1985 Inductee - Orval Prophet

(1922-1984)

    Born in Edwards, Ontario, Orval Prophet was influenced, at an early age, by his music teacher mother and his father, who both sang in their church choir.  As a youth, he taught himself how to play the guitar and, at age 14, he teamed up with his sister, Helen, to play local fairs and dances for $4 a night.  He then graduated to a group called Fiddler’s Fling, where he gained additional exposure as they toured the Ottawa Valley. 

    Orval was invited to tour with Wilf Carter, who was so impressed with the young man that he took a demo tape to New York, which resulted in a Decca recording contract.  The attraction of the farm, however, was stronger than offers from Dallas, Shreveport and Wheeling.  At home, he worked from early morning on the farm and sang late in to the night as a featured vocalist with Mac Beattie’s Ottawa Valley Melodiers. 

    A name changed rekindled his career south of the border.  Now as Johnny Six, with a hit song, “Mademoiselle”, he moved to Wheeling.  He joined the Wheeling Jamboree and was on the road Monday to Friday, appearing as a regular on the show every Saturday night.  Orval joined the Johnny Cash touring show and maintained the same hectic pace.  The strain of his multi-faceted career finally resulted in a heart attack which, rather than stopping the entertainer, merely slowed him down temporarily.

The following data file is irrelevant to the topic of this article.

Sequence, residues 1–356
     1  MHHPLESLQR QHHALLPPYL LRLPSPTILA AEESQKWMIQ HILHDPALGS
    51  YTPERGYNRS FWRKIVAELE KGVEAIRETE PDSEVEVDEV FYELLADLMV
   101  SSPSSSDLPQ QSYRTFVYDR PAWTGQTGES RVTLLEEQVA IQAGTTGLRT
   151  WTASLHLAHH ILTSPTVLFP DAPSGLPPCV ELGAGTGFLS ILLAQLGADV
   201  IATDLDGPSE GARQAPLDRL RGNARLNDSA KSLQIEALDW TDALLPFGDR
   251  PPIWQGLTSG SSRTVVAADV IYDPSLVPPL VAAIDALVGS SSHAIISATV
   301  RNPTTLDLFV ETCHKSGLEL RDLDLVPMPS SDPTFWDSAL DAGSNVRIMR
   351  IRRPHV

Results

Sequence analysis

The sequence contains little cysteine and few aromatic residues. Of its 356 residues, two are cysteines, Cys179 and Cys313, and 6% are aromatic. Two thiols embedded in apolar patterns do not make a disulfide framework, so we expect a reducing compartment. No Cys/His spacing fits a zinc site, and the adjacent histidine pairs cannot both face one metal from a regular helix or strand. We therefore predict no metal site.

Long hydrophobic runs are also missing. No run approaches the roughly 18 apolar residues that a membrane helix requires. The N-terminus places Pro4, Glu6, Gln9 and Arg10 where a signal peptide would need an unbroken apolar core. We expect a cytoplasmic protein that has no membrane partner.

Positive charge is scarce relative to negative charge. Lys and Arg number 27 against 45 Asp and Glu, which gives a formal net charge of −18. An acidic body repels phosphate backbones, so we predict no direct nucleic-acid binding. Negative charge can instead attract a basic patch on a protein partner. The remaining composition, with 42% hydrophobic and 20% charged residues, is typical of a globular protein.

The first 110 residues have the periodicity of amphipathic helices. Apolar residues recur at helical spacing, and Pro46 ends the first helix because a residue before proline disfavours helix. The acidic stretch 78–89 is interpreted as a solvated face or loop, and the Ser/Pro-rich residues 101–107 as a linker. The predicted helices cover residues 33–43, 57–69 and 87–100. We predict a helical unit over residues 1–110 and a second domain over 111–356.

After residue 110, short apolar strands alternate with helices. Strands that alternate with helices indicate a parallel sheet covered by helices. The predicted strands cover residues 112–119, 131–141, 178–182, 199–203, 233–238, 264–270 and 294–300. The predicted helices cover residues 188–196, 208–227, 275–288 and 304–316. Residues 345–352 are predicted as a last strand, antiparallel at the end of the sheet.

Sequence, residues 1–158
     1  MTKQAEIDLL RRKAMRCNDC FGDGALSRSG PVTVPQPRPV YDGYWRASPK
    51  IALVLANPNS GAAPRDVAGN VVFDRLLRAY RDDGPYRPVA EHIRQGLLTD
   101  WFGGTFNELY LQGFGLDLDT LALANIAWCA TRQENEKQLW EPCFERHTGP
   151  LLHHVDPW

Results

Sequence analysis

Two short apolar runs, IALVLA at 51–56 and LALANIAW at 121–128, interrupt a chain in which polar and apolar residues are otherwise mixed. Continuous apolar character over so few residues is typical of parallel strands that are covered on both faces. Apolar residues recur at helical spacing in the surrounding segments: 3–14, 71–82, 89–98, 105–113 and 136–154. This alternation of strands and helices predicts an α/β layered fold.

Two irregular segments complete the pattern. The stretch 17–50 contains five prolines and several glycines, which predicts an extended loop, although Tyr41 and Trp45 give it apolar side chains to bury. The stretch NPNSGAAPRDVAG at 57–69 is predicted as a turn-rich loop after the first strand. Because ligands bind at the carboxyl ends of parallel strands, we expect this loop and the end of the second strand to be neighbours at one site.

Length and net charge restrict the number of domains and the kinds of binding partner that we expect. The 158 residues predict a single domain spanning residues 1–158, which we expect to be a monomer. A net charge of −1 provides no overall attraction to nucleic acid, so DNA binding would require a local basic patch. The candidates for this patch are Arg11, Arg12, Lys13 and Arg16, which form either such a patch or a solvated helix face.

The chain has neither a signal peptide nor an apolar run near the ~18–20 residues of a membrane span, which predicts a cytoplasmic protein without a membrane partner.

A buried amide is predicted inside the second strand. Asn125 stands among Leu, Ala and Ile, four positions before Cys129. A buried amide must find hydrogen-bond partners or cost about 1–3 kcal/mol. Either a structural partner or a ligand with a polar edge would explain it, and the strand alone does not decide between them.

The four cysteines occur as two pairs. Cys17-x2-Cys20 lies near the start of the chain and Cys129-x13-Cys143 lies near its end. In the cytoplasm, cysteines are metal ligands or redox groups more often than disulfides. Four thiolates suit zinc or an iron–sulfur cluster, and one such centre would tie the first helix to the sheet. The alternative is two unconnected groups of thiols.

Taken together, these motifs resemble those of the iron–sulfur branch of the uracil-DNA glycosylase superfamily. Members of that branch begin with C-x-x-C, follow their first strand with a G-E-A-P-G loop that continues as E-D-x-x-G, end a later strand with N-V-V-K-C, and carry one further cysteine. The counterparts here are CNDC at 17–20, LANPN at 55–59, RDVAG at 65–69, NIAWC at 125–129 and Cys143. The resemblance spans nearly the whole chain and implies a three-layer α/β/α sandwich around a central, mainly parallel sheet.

The first attack came only three months after his marriage to his beloved Lois (Haley).  He suffered numerous other heart attacks but refused to change his work habits.  He was delivered yet another devastating blow when, in 1969, Lois passed away as a result of diabetes.  

    Orval finally agreed to open heart surgery and once again returned to the stage.  With a new lease on life, Orval remarried, and Dallas Harms, “Just a Simple Love Song”, honored him and his new wife, Laurette, with a tribute song.  Other dedications were written for him over the years, including Artie MacLaren’s “Where Have All the Cowboy Songs Gone?”, and his life story was chronicled in Dallas Harms’ song, “I’ve Seen Some Things”.  Among his many tributes, Orval was honored as Outstanding Male Performer of the Year by RPM Magazine and received the Canadian Music Industry Hall of Fame Award.  After the many health warnings, Oval’s heart finally gave out, and he died on January 4, 1984.

Click here to see the memorabilia donated to the hall of Fame by the Prophet Family, in honor of Orval.